Proof of a settlement in Dawlish did not come until 1044 when King Edward the Confessor, the last Anglo-Saxon king of England, granted the parish of Dawlish to his then Chancellor and chaplain, Leofric, on the condition that he built bridges and supplied soldiers to construct defences in time of war. The charter explaining this donation is kept in the archives of Exeter Cathedral and is well preserved. Much of it was written in Latin, although the boundaries of the land donated were given in English (Anglo-Saxon). This is the oldest record of Dawlish in history. However, it is quite possible that a community existed centuries before, even back to the period of the Saxon invasions in the 5th and 6th centuries AD, as the parish church of Dawlish was dedicated to St. Gregory the Great. When Leofric arrived, the manor of Dawlish extended from roughly Teignmouth in the south to Cofton and Cockwood in the north, and the top of Haldon Hill in the west. It was a large area, mostly uninhabited and covered in thick forest, as it would have been difficult to cultivate with poor soil. The main reason that settlers established a ‘village’ in the area was that it was protected, sheltered on three sides by hills and on the remaining face by the sea. The presence of the sea provided limited food, while the wooded area harboured animals which gave meat, and wood for burning to give heating and a method of cooking, as well as for building. The presence of several fresh water rivers gave drinkable water. Work was provided by cultivating salt marshes which also gave a method of preserving food but above all gave trade with other communities. At this time the settlement which grew into Dawlish was not on the coast, the sea was feared by most, nobody knew what was ‘over the water’s edge’, it was known by locals that damaging storms emerged from the sea which also flooded the land, so they kept clear of the coast line. Evidence of early farming settlements were found at Aller Farm, Smallacombe, Lidewell and Higher and Lower Southwood. The name of Dawlish has developed over the years, the earliest spelling recorded is ‘Doflisc’ (Anglo-Saxon) or ‘Dolfishe’ (Latin), The exact meaning or derivation is unknown although it is thought to have meant ‘a fruitful mead in a bottom, or on a river’s side’. Throughout the 1st century Dawlish was referred to by many names, but before that Dawlish had been synonymous with ‘Devil Water’ and after with ‘Meadowland by Running Water’, the latter being the motto adopted in the 20th century by the local council. Other local history will tell that the name ‘Devil Waters’, manifested from the red waters which flow from the hills after heavy rain - this still happens today and it is quite frequent to find the stream running through the town bright red in colour after heavy winter rains. At the time Deawlisc (Dawlish) was a poor community, there was virtually no way of travel, the only ways in or out would have been over very rough cart tracks on to Haldon. Early maps show one track headed towards Luscombe Hill and on towards the Teignmouth direction and one went in the direction of Ashcombe and towards Exeter. A more substantial track existed between the port towns of Exeter and Teignmouth and was met by the tracks out of the Dawlish community. When Leofric died in 1072 he gave his Manor of Dawlish lands to the Dean and Chapter of Exeter Cathedral. The area then remained under Church control until 1807. After Leofric’s Death in 1072, Dawlish is mentioned in the Doomsday book, outlining the land and property owned by Bishop Osbern, Leofric’s successor. It quotes that the bishop had 30 villeins (a villein was a person bound to the land and owned by the feudal lord), eight bordars, three serfs, three cows, two swine, 100 sheep, a coppice three furlongs in length and one in breadth, six acres of meadowland and 12 acres of pasture. It was valued at just £8 a year. The Doomsday entry shows that Dawlish had cultivated land with sheep as its main wealth. The villeins would have lived in cob houses that clustered around the church and worked the Bishop’s land. They would have lived mainly off beans, fruit and hard bread with lard whenever they could get hold of it. Local cider and beer would have been produced, providing a safer source of liquid than the water at the time. The population of around 400 in 1080 grew only slowly, sickness was rife and the only real developments came as land was improved and better food became available. Records show that the Black Death, or Bubonic Plague, came to Dawlish in the 1340s and 1350s which almost wrote off the entire local population. By this time some more wealthy gentry were starting to emerge, and these people were able to escape the effects of the plague as they seldom left their estates, not coming into contact with the sick working classes. The plague returned to Dawlish again in 1629. The Industrial Revolution, when it arrived in Dawlish, made significant changes to life, and the village quickly developed into a small town. The first industrial change was the operation of two flour mills, powered by water wheels, fed from the water course through the town. One, built in the late 1600s was located in what is now Brunswick Place and the other, in around 1730 in Church Street. A further mill was located near to Ashcombe. By the end of the 18th century life in coastal towns such as Dawlish was starting to change for ever, the fear of the sea was receding and people started to extoll the virtues of fresh sea air and possible healing qualities from the sea waters. Dawlish found itself fashionable with the well off or gentry. At the time travel was virtually impossible and the gentry were the only group who could afford to travel via private coach. Few indications exist, but it is widely considered that Dawlish did not have a regular (if you could call it that) stagecoach until around 1812. The new wealthy visitors to Dawlish changed the face of life for the area for ever, with transport so difficult visitors arrived for long durations often with extended families complete with servants typically for an entire summer season. In terms of town development this was fruitful, for many enjoyed the area, purchased land and built new property. The types of Cobb-built cottage properties in the village at the time were not what the gentry sought and thus the area of residence spread further, especially along the banks of the Brook. Soon a number of fine houses and even villas were built using new and improved methods of construction allowing the previously unthought of position for many adjacent to the sea. Indeed some early documentation actually refers to ‘sea views’ and bathing potential! After sea bathing was recognised as a healthy and pleasurable past time, it was still very much a gentleman’s ‘hobby’. Ladies seem not to have been welcome to sea bathe until the latter part of the 19th century. By 1803 Dawlish development was moving forward fast, Dawlishownian John Manning masterminded improving the land either side of the stream or Brook which ran right down the middle of the community, which eventually allowed modern houses to be built closer to the sea front. His work physically straightened the town’s water course, while embankments were built. This work led to the development of a new street, Pleasant Row, which is now known as The Strand. Many people often wonder why the two main roads of Dawlish, either side of the town, are so far apart, even with the relatively narrow water course down the middle. The reason lies in the problem of flooding, which although slightly controlled, has never gone away, even today. Heavy rain on the hills to the back of the town builds up both capacity and speed as they rush downhill towards the open sea. If a high tide, compounded by a south west wind hits at the same time the water from the hills has no where to go and floods the lower part of the town. One of the first reported incidents of serious flooding causing major damage was in 1810 when fast flowing waters washed away eight new bridges, much of the then newly created public lawns, embankments and two residential properties in what is now Brook Street. After this disaster The Brook was altered, and weirs built to prevent a recurrence. At this time, the grass area in the middle of the town was still grazed by sheep. As Queen Victoria arrived on the throne, early plans were being drawn up to bring the railway to the town. A number of propositions were put forward in the 1830s, which led to the building and opening of Isambard Kingdom Brunel’s Atmospheric Railway in 1846. The railway suddenly brought new life to the town. Many hundred ‘navvies’ worked on construction of the line by digging cuttings and boring tunnels. One of the most momentous days in Dawlish history was on Saturday 30 May 1846 when the first passenger train operated; by todays standards it was slow, but the news paper of the period hailed the train “taking only 40 minutes to reach Dawlish from Exeter”. It is fascinating that the opening of the railway made Dawlish the first seaside resort to be served by railway west of Weston-super-Mare. At the time, long distance transport was very much the preserve of the upper classes. The majority of people toiled six days a week and had to attend church once or twice on Sundays. Little time existed for people to visit the seaside except at Bank Holidays. Development of Dawlish slowed towards the end of the 19th century, but increased wealth for the town meant that living standards improved and saw the introduction of gas, a usable water supply, sewerage systems, and even street lighting. Household electricity was also laid on for those with sufficient funds. Protection and safety of town folk also improved with a police office opening in 1857, (which is more than the town has today). A Coastguard look-out was opened in 1868 to provide some protection for mariners. In 1906 a New Zealander introduced the now famous black swans to Dawlish Water or The Brook. John Nash, a Dawlish-born man who emigrated during adulthood but paid frequent visits to the town decided that the town needed some form of uniqueness. The Black Swans are still to be found on Dawlish Water, but today are supplemented by dozens of other species. In the early 1900s, some workers from bigger businesses and employees of the gentry began to receive paid holidays. This saw a major upturn in visitor numbers to the town, with some deciding after a couple of visits to settle in the area. These increases in numbers saw some smaller housing erected (quite large by todays standards) in streets such as Luscombe Terrace and Hatcher Street, while open spaces in other ‘older’ roads was built over with quality housing. World War I stopped most further building until the early 1920s. After the First World War was over, Dawlish became even more established for the day tripper. This had an adverse effect on town life which became less gentrified and more suited to the lower classes. The one and two week annual paid holiday became the norm and more and more people wanted to travel to the seaside town, mainly by train. At around the same time wealthy folk from industrial areas, especially London, Birmingham and Liverpool started to visit or retire to the area, this all leading to the once elegant villas being turned into hotels and guest houses. The area just east of Dawlish, which became known as Dawlish Warren owes its success to the Great Western Railway who first built a station known as Warren Halt close to Langstone Rock in 1905. Prior to this, only a few large houses and mansions were to be found on the hill behind the Warren. By 1929, with the introduction of air travel, Dawlish even had an airport! The Great Western Railway built a small aerodrome on Haldon, to serve the greater Torbay area on a Cardiff to Plymouth route. The Second World War saw an end to the poorly patronised service. However, the airport remained in use for many years under military control. Remnants of the old airfield can still be seen today. By the 1930s Dawlish had become popular as a low budget holiday resort with holiday camps and caravans turning up. The railway played a major role in this, bringing literally thousands and thousands of people to the area every summer, with through trains from most corners of the UK. The outbreak of World hostilities again in 1939 brought further development to a halt and considerably slowed down holiday travel. The Second World War also ended a plan which could have seen the railway disappear as we know it from Dawlish sea front, with plans put forward by the Great Western Railway to build a Dawlish ‘cut-off’ from Powderham via Gatehouse and Weech Road, making Dawlish served by a branch line. If this plan had been furthered, it would have gone right through the author’s house! In 1953, the year Queen Elizabeth II took the throne, the town of Dawlish adopted the Latin phrase ‘Pratum Juxta Rivos Aquarum’ as its motto, which translates (literally) as ‘Meadowland by Running Waters’. The heraldic emblem of the town incorporates the arms of Edward the Confessor (top left: a cross patonce between five martlets, blue in colour), those of Leofric (top right: a dark cross with a bishop’s mitre at the centre), and of the See of Exeter. Holiday travel started to resume after World hostilities ended in 1945, with massive growth in holiday trade in the 1950s. This generated much business for the newly formed British Railways and remained through the early 1960s. By the 1970s, the town and surrounding area was starting a major change; the annual UK holiday was becoming a thing of the past, with low-cost, easily-accessible air travel tempting the previous UK holiday maker to seek pastures new. The hotels started to close and be demolished, to be replaced by retirement and second home accommodation, to such an extend that by 2012 Dawlish only has just one large hotel of merit! The guesthouse market was also adversely affected by the changing holiday patterns with properties sold off for cheap one-room housing, while others have been demolished and rebuilt as high-price nursing homes. The vast majority of remaining holiday accommodation in the area now concentrates on huge camp sites offering a range of packages from self-catering holidays to sites to pitch your own van or tent. It is said that the camp sites in and around Dawlish, Dawlish Warren, Starcross and Teignmouth offer a staggering 20,000 beds.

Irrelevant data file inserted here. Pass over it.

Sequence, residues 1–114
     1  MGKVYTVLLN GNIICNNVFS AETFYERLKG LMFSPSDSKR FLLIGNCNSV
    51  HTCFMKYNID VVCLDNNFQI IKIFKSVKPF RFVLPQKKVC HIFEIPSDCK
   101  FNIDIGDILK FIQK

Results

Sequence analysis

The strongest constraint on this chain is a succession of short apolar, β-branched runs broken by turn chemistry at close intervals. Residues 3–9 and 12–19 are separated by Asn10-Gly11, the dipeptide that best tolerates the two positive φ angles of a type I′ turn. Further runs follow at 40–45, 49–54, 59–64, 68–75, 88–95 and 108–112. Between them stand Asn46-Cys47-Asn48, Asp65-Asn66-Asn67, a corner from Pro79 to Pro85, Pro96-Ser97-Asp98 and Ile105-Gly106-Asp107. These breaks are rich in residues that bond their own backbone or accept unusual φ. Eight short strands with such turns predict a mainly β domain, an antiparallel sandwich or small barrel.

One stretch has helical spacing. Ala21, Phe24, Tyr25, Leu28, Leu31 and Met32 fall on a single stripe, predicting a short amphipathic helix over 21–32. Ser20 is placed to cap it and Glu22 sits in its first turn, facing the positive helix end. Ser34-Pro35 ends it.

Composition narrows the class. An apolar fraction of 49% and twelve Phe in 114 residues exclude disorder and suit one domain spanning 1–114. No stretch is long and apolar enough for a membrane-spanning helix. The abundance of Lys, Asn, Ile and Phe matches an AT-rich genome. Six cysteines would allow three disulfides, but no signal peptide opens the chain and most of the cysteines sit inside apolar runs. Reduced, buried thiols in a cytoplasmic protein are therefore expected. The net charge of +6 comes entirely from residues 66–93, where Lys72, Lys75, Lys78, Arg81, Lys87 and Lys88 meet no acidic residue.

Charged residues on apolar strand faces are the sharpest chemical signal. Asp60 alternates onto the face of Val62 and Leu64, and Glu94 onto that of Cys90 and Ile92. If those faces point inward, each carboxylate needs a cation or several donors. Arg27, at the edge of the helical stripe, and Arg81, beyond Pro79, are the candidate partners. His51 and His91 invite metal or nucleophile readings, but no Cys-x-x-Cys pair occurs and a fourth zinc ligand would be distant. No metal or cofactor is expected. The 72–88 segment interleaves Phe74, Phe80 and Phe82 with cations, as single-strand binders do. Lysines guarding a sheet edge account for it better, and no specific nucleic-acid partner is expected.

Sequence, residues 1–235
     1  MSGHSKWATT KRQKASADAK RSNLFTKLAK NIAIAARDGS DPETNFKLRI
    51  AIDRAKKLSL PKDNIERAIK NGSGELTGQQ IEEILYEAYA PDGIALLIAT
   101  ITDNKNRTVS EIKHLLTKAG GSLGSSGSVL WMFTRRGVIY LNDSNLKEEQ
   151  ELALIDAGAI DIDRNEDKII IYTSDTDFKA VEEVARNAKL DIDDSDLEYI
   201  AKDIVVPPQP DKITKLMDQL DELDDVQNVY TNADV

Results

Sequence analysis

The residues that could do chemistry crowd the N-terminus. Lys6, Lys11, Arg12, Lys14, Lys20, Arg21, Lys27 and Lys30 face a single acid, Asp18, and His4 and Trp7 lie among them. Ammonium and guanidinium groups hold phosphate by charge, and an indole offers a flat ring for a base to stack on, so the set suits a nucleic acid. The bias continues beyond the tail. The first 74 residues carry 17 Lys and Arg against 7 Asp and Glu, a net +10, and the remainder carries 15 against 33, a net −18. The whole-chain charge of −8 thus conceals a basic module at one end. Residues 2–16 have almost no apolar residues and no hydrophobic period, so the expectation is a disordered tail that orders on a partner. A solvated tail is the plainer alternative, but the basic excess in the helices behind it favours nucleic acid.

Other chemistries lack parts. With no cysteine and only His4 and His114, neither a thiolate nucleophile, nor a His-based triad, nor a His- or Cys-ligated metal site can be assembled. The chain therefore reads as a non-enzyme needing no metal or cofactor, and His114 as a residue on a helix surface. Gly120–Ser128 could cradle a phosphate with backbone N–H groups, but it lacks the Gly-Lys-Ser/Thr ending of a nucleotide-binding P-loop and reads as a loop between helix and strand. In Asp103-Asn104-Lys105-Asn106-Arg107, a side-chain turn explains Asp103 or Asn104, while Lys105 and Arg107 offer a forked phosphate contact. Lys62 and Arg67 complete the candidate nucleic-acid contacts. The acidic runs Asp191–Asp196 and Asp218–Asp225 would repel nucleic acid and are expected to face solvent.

Dawlish station from the Coastgurads bridge in 1951.